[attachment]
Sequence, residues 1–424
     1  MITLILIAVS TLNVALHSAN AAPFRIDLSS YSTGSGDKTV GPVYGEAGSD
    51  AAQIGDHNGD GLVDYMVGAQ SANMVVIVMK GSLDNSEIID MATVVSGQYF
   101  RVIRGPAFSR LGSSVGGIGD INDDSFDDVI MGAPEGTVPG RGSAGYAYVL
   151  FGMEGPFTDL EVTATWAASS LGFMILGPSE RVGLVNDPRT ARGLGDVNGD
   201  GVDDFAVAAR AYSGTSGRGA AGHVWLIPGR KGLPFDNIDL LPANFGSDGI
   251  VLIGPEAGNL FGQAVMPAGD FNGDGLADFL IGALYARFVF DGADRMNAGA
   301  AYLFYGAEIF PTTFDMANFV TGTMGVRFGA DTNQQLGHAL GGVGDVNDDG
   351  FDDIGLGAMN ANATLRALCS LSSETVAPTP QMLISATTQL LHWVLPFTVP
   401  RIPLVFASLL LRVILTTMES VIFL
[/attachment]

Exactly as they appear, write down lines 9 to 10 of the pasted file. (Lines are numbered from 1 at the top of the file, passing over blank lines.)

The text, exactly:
   351  FDDIGLGAMN ANATLRALCS LSSETVAPTP QMLISATTQL LHWVLPFTVP
   401  RIPLVFASLL LRVILTTMES VIFL